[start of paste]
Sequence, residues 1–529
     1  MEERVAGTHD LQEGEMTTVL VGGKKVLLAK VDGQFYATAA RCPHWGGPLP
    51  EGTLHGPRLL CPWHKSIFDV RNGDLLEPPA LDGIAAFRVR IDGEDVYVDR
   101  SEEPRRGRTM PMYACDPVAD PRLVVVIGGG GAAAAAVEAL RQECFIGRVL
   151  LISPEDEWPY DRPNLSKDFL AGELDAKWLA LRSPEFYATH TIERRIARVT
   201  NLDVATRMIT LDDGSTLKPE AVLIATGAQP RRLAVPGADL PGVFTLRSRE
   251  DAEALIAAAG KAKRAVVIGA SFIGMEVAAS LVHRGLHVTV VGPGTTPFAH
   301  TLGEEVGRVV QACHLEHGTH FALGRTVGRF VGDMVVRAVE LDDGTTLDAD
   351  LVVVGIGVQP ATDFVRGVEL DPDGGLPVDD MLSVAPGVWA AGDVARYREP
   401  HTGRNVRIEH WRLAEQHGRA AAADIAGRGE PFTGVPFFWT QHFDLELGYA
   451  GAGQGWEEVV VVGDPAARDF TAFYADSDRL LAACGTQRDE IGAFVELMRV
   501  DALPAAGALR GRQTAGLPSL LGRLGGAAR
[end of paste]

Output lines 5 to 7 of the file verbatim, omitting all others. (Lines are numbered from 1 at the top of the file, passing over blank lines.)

   151  LISPEDEWPY DRPNLSKDFL AGELDAKWLA LRSPEFYATH TIERRIARVT
   201  NLDVATRMIT LDDGSTLKPE AVLIATGAQP RRLAVPGADL PGVFTLRSRE
   251  DAEALIAAAG KAKRAVVIGA SFIGMEVAAS LVHRGLHVTV VGPGTTPFAH